A 35-day Kickstarter campaign has helped Andrew Gallery accelerate the relaunch of his IAMMAI activewear label.
The Los Angeles-based designer reaped nearly $101,500 thanks to 923 backers, making his campaign one of the 10 most-funded apparel ones ever. In search of $24,000 in funding initially to debut self-cooling T-shirts and tanks, Gallery said the 1,760 Kickstarter-driven orders also tripled his expectations.
Gallery’s start-up is actually in its second incarnation and he has dealt with all sorts of serendipity along the way. After introducing the I Am label in Equinox stores and other select locations in 2011, Gallery decided to suspend distribution the following year to rework and broaden the collection.
Renamed IAMMAI, each piece carries motivational affirmations that are written backwards so that gym-goers can read them in mirrors while exercising. Sold via Barry’s Boot Camp and Cardio Barre, the capital infusion is meant to help broaden retail distribution.
Looking to add performance-driven pieces, his adviser, Kelly Cutrone, suggested he check out Coolcore, the New Hampshire-based cooling fabrics company in which Chris Burch is a major partner. “Disney had approached these guys to develop a fabric for Disney costume characters to wear because they were overheating in the theme parks after only a few hours,” Gallery said.
Using Coolcore’s nonchemically coated moisture-wicking fabric, IAMMAI activewear cools down 30 percent faster than comparable fabrics, Gallery said. To try to prove that point, his Kickstarter package included a one-minute video post of him pouring boiling water on an IAMMAI shirt and a Nike one, and then wringing each out and using thermometers to demonstrate how his brand cooled faster. He said Wednesday, “It’s not like a miracle shirt, but at the same time, if you are an athlete every little bit helps. I always think about Michael Phelps, who won his seventh gold medal by one one-hundredth of a second.”
A Philadelphia native, Gallery also scored some valuable advice after reconnecting with a childhood friend, Jake Bronstein, who is the founder of Flint and Tinder, the American-made label that remains Kickstarter’s top-funded apparel project. For two years, Bronstein has had the advantage of having Zappos’ Tony Hsieh as an adviser. IAMMAI is said to be the fourth top-funded clothing project on Kickstarter.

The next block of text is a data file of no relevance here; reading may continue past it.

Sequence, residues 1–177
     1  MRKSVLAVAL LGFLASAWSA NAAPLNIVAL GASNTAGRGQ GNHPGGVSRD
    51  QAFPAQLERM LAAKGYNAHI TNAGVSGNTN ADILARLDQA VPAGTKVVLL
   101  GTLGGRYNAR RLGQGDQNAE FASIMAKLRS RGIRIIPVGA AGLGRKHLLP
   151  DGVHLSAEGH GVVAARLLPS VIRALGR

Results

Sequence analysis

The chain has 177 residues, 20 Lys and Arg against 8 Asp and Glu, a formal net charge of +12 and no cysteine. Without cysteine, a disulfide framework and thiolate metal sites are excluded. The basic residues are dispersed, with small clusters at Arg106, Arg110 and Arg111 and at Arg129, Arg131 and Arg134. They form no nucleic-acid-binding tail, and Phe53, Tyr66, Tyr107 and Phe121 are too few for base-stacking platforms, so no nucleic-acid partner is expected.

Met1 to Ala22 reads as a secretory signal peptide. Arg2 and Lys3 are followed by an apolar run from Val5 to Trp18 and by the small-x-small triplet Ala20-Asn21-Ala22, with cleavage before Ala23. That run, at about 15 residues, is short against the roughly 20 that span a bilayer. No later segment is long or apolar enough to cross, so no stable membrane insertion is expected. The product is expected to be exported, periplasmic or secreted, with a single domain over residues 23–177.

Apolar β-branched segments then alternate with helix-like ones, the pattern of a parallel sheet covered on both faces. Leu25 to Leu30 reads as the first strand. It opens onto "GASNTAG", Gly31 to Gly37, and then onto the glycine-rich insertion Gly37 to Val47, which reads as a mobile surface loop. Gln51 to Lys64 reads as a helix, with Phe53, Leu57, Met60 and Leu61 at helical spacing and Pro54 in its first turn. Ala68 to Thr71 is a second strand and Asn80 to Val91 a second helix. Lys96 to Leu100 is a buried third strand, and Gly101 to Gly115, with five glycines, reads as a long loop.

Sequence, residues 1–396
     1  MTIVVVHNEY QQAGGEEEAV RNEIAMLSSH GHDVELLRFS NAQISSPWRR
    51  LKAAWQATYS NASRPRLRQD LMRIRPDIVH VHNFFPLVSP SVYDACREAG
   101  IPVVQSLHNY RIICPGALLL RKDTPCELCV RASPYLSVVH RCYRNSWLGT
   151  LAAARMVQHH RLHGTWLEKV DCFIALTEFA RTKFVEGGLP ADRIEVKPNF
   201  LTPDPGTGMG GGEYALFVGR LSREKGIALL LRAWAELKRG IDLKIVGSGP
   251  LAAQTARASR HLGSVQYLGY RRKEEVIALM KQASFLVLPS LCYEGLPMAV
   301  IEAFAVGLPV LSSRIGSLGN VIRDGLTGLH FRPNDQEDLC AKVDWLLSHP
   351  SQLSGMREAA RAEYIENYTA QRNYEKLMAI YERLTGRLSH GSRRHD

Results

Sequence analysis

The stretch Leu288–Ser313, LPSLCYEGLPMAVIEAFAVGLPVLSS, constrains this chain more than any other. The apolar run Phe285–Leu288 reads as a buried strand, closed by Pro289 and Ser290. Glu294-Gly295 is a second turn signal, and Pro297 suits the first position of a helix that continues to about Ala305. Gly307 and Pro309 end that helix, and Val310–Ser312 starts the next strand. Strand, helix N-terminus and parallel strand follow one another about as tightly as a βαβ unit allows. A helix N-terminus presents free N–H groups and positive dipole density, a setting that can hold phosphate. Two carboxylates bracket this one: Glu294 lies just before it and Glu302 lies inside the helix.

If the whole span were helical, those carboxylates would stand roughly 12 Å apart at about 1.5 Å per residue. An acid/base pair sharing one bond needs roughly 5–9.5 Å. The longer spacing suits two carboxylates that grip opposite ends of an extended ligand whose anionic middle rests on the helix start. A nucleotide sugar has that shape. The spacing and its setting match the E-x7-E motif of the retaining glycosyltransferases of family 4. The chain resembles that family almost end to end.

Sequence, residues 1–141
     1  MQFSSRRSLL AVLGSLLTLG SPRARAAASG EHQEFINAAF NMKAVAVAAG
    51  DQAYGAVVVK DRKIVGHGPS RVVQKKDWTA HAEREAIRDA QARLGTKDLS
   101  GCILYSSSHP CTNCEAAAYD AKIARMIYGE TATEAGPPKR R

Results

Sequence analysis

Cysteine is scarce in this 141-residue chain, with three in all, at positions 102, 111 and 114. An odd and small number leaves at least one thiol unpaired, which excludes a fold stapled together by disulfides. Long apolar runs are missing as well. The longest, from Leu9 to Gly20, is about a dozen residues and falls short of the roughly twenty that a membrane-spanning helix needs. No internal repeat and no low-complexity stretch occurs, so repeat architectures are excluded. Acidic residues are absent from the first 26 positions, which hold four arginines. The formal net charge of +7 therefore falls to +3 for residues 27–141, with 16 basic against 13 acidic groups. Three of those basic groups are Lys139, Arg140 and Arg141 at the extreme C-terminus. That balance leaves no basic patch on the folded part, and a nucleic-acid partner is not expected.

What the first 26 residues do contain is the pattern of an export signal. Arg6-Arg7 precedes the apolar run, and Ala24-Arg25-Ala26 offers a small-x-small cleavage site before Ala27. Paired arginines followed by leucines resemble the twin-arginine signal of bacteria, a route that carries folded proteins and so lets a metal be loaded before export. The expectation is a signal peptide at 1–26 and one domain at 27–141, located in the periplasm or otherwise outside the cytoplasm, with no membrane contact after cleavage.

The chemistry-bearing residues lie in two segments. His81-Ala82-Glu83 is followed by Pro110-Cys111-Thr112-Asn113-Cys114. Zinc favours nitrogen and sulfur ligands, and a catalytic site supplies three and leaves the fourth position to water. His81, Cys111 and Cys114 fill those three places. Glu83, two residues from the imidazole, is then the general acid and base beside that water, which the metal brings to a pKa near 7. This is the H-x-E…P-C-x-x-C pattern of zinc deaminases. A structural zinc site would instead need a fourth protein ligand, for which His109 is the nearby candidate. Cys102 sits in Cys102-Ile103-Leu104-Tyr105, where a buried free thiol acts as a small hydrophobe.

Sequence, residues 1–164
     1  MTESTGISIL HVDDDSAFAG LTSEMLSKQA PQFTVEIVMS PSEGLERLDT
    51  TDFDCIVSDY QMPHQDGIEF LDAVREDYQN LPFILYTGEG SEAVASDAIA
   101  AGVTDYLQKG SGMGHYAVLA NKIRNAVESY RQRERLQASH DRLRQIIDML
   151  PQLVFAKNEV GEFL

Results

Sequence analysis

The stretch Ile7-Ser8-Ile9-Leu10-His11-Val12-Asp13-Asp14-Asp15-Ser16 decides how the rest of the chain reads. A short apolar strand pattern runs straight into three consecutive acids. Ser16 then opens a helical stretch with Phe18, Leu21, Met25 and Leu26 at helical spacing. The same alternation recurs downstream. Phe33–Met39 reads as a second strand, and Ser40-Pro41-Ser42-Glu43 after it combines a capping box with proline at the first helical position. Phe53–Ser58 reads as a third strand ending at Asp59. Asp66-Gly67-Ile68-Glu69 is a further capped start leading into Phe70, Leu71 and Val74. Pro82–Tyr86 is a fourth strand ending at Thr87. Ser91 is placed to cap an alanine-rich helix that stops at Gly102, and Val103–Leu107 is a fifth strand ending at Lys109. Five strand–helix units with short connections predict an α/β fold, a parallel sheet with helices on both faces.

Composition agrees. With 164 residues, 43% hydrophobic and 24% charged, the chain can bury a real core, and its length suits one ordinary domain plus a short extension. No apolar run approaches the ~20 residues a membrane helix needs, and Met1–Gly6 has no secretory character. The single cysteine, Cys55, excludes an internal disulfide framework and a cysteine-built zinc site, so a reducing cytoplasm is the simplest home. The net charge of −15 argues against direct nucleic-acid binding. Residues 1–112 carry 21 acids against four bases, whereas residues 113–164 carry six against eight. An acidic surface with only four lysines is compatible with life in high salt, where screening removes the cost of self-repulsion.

To put his products to the test, Gallery has recruited such athletes as The Heroes Project founder Tim Medvetz and ultrarunner Anna Judd, who finished her 3,200-mile run across America — averaging a marathon a day — in late August. He flew to New York to run the last 10 miles with her. Gallery said he is big on endorsing athletes whose accomplishments inspire others and he ran the last 10 miles of the trek with her. He also imprinted upside-down messages on her leggings and shorts, so she could read “Run with your heart” and “Remember why you started,” while she ran. Anna Runs America was meant to raise awareness for veterans’ issues. His company also sponsors Charity Miles, a free app that tracks the distance users walk, run or bike and donates money to the charity of their choice.
Keen to broaden his distribution to high school and college sports teams, Gallery, a former rowing team member at Ithaca College, reached out to his alma mater. Through that conversation, he learned that Burch is a fellow alumni (who also funds and judges the Ithaca College Business Idea Competition.)
In another strange twist of fate, Gallery wound up spending six hours with the spiritual leader Mata Amritanandamayi, who is better known as “Amma,” in Los Angeles. Cutrone made the introduction, but the fact that his company reads like her nickname was a coincidence. When Amma surprised him with an invitation to visit her ashram in India, Gallery jumped at the chance. “I know it sounds so cliché, going to an ashram in India. But I have friends at the charity RainCatcher who invented water filters for poor communities. So I went to India and brought them. We smuggled water filters and each day, we would bring them to different villages, hospitals and orphanages,” Gallery said. “It’s unbelievable how everything fell into place. I wouldn’t say it’s been easy, but it’s been amazing. I feel really inspired that we have started again really strong. Everything seems to be in alignment with the funding and everything.”